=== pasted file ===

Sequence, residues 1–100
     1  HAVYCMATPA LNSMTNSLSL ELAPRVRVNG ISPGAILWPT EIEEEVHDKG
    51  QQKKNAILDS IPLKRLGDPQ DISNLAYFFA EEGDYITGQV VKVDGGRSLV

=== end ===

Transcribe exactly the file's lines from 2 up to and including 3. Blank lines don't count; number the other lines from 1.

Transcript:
     1  HAVYCMATPA LNSMTNSLSL ELAPRVRVNG ISPGAILWPT EIEEEVHDKG
    51  QQKKNAILDS IPLKRLGDPQ DISNLAYFFA EEGDYITGQV VKVDGGRSLV